The other day, Ed Yong linked to an essay by Ethan Siegel. Mr Siegel extols the virtues of science, both Science the process for gaining knowledge about nature and Science the body of knowledge that humans have acquired by means of that process. Mr Siegel then quotes an interview Neil deGrasse Tyson gave to Nerdist, in which Mr Tyson expressed reservations about the value of philosophical study as part of the education of a young scientist. In that interview, Mr Tyson and his interlocutors made some rather harsh-sounding remarks. Take this segment, for example, as transcribed by Massimo Pigliucci:
interviewer: At a certain point it’s just futile.
dGT: Yeah, yeah, exactly, exactly. My concern here is that the philosophers believe they are actually asking deep questions about nature. And to the scientist it’s, what are you doing? Why are you concerning yourself with the meaning of meaning?
(another) interviewer: I think a healthy balance of both is good.
dGT: Well, I’m still worried even about a healthy balance. Yeah, if you are distracted by your questions so that you can’t move forward, you are not being a productive contributor to our understanding of the natural world. And so the scientist knows when the question “what is the sound of one hand clapping?” is a pointless delay in our progress.
[insert predictable joke by one interviewer, imitating the clapping of one hand]
dGT: How do you define clapping? All of a sudden it devolves into a discussion of the definition of words. And I’d rather keep the conversation about ideas. And when you do that don’t derail yourself on questions that you think are important because philosophy class tells you this. The scientist says look, I got all this world of unknown out there, I’m moving on, I’m leaving you behind. You can’t even cross the street because you are distracted by what you are sure are deep questions you’ve asked yourself. I don’t have the time for that.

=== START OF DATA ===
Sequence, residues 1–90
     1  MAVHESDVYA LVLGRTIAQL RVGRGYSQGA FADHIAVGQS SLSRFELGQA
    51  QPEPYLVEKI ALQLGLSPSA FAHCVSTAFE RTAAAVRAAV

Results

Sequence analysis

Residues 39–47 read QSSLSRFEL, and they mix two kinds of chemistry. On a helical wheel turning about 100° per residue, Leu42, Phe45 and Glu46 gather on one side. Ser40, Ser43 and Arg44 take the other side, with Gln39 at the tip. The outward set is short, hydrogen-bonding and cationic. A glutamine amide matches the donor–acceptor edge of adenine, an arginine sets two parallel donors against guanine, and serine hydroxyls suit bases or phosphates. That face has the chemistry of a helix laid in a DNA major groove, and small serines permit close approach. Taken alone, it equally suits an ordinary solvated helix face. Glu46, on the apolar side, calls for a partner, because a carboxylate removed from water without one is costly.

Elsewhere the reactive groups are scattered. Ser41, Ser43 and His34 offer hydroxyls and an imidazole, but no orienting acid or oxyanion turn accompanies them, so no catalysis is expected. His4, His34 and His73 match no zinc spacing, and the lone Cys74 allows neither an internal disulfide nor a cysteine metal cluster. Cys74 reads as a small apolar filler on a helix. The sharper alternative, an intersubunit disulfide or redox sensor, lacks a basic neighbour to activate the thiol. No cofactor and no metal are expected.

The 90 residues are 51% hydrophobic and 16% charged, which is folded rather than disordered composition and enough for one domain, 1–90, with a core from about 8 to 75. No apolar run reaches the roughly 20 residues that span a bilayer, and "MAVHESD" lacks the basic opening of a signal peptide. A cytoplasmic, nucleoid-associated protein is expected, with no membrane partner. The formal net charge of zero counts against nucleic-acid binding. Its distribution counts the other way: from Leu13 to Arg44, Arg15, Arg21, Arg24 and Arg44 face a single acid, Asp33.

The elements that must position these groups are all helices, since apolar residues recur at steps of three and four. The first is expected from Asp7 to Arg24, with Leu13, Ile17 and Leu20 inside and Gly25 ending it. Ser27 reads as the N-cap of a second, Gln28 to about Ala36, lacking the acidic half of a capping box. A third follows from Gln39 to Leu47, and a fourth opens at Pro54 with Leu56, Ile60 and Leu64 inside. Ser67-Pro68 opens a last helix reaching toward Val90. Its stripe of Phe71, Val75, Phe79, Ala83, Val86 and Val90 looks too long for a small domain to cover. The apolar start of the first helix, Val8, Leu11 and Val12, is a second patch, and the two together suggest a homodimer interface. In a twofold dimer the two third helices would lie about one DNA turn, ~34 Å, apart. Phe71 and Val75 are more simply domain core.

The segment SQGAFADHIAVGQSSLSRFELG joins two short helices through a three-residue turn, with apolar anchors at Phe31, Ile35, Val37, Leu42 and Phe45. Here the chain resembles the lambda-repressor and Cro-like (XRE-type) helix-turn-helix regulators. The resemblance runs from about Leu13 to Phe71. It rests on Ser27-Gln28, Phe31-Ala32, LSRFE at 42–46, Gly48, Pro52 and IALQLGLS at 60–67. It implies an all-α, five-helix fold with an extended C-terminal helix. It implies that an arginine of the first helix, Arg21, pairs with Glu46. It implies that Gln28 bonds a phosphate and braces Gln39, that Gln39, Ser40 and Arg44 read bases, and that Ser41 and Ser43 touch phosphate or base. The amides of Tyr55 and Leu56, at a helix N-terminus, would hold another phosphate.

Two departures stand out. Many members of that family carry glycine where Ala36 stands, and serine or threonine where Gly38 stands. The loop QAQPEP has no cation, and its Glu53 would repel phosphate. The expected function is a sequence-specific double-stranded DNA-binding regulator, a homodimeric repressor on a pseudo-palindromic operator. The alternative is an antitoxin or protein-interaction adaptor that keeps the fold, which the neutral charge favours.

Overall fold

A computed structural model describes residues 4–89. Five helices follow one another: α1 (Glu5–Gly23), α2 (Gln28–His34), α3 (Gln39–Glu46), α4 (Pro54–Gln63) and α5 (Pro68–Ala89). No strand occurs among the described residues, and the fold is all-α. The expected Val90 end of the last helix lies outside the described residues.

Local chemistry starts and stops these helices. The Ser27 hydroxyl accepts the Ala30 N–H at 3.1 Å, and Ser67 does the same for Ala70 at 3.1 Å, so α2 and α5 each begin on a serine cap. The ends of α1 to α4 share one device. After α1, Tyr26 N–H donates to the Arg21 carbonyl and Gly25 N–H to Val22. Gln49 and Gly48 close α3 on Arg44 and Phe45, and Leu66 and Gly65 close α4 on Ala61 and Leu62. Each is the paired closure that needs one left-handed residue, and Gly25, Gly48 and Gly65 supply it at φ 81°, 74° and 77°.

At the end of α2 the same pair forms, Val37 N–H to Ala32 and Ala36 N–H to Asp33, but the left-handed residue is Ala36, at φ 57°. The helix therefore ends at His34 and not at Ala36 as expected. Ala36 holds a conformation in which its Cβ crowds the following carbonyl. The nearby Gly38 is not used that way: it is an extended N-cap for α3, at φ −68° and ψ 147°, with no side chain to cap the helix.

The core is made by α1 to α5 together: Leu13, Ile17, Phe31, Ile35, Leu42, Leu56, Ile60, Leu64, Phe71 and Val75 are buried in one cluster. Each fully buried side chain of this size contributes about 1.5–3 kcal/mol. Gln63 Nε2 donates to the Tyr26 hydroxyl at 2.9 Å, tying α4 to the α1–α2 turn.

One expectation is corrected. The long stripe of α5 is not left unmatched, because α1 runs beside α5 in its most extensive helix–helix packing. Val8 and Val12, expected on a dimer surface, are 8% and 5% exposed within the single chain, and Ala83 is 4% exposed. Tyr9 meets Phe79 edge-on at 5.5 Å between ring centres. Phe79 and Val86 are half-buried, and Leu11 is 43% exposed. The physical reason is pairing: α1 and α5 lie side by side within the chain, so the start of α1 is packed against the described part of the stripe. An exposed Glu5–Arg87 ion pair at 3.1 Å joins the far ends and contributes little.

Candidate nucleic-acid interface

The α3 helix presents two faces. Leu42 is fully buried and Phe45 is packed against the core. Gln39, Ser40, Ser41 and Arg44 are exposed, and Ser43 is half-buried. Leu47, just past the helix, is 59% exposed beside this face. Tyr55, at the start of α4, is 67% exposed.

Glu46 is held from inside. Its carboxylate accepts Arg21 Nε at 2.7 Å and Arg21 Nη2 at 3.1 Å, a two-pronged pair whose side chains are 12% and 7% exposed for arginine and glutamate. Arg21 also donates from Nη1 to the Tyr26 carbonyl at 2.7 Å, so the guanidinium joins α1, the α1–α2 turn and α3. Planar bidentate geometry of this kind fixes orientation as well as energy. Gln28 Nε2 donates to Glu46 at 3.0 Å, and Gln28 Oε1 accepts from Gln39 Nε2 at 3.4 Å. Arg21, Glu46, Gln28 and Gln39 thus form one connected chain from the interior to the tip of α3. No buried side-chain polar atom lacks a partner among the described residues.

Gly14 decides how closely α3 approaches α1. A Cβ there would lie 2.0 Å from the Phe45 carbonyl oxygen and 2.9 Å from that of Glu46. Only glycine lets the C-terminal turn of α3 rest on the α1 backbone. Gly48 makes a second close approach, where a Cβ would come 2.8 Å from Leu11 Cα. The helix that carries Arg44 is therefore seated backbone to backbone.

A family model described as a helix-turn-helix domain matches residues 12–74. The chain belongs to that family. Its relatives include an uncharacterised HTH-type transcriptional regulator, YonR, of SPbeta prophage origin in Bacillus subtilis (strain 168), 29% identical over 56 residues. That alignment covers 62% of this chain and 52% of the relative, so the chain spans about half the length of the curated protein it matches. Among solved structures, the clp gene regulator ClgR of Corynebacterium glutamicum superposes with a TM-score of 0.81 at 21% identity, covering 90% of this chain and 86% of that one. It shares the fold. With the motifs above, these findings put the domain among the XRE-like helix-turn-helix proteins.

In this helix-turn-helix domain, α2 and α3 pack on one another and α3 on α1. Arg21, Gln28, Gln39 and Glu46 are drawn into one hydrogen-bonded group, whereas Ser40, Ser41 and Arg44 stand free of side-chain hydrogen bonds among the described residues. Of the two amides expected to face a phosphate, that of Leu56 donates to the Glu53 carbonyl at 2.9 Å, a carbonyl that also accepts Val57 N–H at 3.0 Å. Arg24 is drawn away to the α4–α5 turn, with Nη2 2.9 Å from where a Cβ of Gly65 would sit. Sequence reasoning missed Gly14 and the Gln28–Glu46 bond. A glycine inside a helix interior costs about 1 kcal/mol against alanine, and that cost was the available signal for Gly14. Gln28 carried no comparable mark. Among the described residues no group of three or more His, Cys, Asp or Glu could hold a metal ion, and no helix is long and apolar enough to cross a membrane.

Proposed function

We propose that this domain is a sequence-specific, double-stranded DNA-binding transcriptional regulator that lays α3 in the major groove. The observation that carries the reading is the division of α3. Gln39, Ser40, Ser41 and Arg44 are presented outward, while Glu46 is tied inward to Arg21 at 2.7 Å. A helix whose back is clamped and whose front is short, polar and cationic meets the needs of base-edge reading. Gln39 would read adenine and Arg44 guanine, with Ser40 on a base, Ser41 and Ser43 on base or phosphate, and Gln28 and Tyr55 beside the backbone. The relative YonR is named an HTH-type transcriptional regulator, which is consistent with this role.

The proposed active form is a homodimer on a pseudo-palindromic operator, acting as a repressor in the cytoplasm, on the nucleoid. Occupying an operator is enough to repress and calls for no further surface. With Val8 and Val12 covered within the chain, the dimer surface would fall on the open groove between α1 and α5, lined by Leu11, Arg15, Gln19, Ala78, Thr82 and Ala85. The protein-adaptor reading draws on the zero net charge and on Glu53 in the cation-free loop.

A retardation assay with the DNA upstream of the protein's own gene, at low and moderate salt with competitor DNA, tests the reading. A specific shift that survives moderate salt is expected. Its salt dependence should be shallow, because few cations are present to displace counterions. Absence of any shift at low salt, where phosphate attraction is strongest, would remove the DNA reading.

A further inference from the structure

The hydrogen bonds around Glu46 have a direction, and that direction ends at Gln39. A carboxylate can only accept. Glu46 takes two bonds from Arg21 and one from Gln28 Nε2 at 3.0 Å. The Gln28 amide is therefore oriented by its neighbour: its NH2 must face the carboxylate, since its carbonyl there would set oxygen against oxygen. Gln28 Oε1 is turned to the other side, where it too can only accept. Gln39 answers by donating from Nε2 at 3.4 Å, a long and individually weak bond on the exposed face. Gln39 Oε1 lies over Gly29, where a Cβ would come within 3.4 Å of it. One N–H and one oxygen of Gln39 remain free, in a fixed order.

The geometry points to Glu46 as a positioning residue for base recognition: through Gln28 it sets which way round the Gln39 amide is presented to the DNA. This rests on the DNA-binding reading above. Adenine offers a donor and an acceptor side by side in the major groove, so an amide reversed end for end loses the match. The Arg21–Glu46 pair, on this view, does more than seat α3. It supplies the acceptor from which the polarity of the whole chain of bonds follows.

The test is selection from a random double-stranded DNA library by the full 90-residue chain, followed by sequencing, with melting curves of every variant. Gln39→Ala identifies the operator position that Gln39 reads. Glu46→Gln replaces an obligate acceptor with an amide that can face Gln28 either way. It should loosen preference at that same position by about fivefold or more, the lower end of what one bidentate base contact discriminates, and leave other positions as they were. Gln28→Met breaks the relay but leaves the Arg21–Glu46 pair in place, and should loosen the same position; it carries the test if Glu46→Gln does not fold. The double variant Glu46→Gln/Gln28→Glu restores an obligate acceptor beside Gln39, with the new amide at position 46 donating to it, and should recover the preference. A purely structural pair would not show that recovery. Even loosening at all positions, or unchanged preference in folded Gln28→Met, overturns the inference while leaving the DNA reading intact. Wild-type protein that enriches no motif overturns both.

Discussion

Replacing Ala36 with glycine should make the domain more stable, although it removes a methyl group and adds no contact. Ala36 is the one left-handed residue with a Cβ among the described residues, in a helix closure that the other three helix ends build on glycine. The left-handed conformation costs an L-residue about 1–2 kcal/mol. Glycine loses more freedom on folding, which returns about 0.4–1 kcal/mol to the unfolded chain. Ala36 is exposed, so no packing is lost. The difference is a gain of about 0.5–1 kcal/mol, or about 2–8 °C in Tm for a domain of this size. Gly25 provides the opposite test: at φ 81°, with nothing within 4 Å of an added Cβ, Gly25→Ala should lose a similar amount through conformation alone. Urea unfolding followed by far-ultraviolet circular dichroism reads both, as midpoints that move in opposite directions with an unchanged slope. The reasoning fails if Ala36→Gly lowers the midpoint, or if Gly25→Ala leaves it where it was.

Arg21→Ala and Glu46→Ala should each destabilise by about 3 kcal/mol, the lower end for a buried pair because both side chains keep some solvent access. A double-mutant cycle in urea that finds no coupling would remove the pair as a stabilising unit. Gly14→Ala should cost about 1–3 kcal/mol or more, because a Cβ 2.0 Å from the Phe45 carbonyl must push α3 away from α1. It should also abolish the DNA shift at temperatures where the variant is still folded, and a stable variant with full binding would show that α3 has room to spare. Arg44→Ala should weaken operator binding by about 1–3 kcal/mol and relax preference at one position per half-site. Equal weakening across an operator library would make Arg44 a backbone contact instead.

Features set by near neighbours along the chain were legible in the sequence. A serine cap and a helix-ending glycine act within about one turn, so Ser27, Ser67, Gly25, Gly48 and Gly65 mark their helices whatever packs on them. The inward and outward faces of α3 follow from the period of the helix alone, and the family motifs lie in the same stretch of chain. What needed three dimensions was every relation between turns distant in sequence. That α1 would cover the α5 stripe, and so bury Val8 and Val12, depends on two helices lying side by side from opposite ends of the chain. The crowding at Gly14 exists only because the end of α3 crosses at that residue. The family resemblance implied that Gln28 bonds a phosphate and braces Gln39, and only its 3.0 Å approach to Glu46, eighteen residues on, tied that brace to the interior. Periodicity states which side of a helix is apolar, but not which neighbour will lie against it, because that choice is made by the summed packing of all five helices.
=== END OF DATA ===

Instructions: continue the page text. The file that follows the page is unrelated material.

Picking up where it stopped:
interviewer: I also felt that it was a fat load of crap, as one could define what crap is and the essential qualities that make up crap: how you grade a philosophy paper?
dGT [laughing]: Of course I think we all agree you turned out okay.
interviewer: Philosophy was a good Major for comedy, I think, because it does get you to ask a lot of ridiculous questions about things.
dGT: No, you need people to laugh at your ridiculous questions.
interviewers: It’s a bottomless pit. It just becomes nihilism.
dGT: nihilism is a kind of philosophy.
Mr Tyson’s remarks have come in for criticism from many quarters. The post by Massimo Pigliucci from which I take the transcription above is among the most notable.
I must say that I think some of the criticism is overdone. In context, it is clear to me that Mr Tyson and his interlocutors are thinking mainly of the training of young scientists, of what sort of learning is necessary as a background to scientific research. In that context, it’s quite reasonable to caution against too wide a range of interests. It would certainly not be wise to wait until one had developed a deep understanding of philosophy, history, literature, music, art, etc, before getting down to business in one’s chosen field.